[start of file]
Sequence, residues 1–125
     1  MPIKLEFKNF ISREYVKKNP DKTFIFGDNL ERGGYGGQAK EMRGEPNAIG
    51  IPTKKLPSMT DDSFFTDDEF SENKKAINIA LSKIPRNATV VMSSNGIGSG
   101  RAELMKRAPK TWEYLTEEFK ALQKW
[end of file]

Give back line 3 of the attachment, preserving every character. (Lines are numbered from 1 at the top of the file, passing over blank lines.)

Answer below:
    51  IPTKKLPSMT DDSFFTDDEF SENKKAINIA LSKIPRNATV VMSSNGIGSG